How fintechs and banks went from competitors to partners in China

Who is your favourite employer? Ask this to fresh Chinese graduates, and the answer will be the likes of Baidu, Alibaba, Tencent and JD.com (BATJ). However, back in early the 2000s, banks were the ideal workplace for most graduates, due to the high pay, stable working hours, and a solid career path. Now, with the rise of fintechs and declining profit growth for banks, Chinese banks have had to rethink their strategies and work with technology companies.

Fintech companies have taken a substantial share of depositors' money. As of the end of June, Yuebao, China's largest money market fund sold on Ant Financial’s platform, reached a size of 1.43 trillion yuan (US$210 billion). The fund exceeded the size of China Merchants Bank’s personal deposits, and is also only slightly behind the size of Bank of China's personal deposits.

“Fintech creates a new business model with higher efficiency, lower costs, higher transparency and security. The fintech industry is experiencing high-speed growth and has a large impact on the value chain of the traditional financial industry,” notes a report from ICBC International.

China's financial industry is evolving. The partnership between banks and fintechs forges new banking landscapes. Currently, the four leading Chinese technology companies, BATJ, have all found banking partners. Huaxia Bank has partnered with Tencent, ICBC with JD.com, ABC with Baidu, and CCB with Ant Financial.

Payments are one area where banks stand to gain the most by partnering with technology providers. Together, fintechs and banks are changing the way people do business and how they pay. As partnerships are forged, links to payments systems are established while they keep an eye on security. According to the Alipay website, every transaction on Alipay is encoded and monitored. Once the system detects a risk, it will automatically block it. A group of experts then investigate the suspicious transactions to ensure the security of the accounts.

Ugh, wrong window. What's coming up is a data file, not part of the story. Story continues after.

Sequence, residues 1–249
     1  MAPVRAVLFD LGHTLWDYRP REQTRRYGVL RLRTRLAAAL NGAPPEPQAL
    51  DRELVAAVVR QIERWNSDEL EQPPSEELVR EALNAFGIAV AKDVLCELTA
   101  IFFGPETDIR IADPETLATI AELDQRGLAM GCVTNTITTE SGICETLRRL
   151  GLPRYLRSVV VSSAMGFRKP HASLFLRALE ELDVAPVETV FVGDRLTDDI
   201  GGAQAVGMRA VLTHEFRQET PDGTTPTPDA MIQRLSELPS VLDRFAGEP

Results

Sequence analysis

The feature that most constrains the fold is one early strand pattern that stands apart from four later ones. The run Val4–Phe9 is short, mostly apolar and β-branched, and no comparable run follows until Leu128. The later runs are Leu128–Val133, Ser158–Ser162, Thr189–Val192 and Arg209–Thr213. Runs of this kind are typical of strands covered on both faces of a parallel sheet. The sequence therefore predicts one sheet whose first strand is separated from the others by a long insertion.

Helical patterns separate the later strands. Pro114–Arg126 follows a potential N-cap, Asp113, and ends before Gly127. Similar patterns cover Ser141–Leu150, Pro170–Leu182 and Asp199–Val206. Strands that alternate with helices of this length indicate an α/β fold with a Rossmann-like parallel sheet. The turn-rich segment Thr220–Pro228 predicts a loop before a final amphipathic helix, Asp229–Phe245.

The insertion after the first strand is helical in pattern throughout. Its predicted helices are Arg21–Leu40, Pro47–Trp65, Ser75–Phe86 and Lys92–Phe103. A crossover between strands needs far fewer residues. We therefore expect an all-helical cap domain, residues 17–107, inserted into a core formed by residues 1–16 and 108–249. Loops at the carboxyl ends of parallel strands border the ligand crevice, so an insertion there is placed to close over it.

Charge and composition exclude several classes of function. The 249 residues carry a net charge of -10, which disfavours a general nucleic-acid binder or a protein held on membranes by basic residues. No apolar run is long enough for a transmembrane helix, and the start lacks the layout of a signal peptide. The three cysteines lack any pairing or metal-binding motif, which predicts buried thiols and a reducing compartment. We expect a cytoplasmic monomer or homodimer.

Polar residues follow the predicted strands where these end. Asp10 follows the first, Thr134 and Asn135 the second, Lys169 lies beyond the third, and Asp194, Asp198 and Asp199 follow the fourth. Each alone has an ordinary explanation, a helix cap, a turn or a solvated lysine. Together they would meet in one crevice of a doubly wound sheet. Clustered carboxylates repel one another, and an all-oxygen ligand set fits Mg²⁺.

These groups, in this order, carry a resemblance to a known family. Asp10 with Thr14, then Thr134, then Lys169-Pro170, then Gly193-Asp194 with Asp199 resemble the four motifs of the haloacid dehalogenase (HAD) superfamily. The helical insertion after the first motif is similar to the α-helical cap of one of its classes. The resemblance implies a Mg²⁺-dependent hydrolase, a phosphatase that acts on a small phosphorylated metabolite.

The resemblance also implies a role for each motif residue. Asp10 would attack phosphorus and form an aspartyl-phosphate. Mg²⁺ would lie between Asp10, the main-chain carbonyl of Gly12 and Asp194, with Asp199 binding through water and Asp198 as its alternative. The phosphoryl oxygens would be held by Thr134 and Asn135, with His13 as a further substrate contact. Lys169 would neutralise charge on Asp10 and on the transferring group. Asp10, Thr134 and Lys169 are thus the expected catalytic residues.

“The model is as if banks and Alipay each owned a safe. Only you and the parties that you have authorized have the key to the safes,” explains Senyang Huang, a specialist at a leading TMT SOE in China in an interview with The Asset. “You can consider the strength of the security system as the same as the strength of the safes.”

“When you want to know your bank account balance through Alipay, the API makes this enquiry possible,” says Huang. “The instruction is temporary and only known by you (using Alipay) and us (Banks). The system itself can examine whether the instructions are from the right counterparty.”

Aside from partnering with banks, technology companies have also been seeking opportunities to operate their own banks. Alibaba and Tencent both set up internet banks – banks without physical branches. WeBank, backed by Tencent, had a ten-fold growth in revenue in 2016. Eighty percent of the bank’s revenue comes from online micro and small loans.

Small businesses serve as a backbone of China’s economy which traditional banks are unable to service due to the higher costs involved. The new generation banks, such as internet banks, and fintech companies, such as P2P companies, are capable of providing financial services to small businesses thanks to their solid technology.

In March, Dianrong, a leading Chinese P2P platform, and Fnconn, a financial platform under Foxconn, jointly launched a blockchain platform called Chained Finance, which is the first solution to leverage blockchain technology for a supply chain finance solution in China. The P2P company also received PE investment from Standard Chartered and collaborated with Bank of Suzhou, a local bank in China.

“The Chinese regulators really want us to focus on small business,” says an executive at a leading Chinese P2P company. “That is why they encourage companies with technology to add value to the smaller companies.”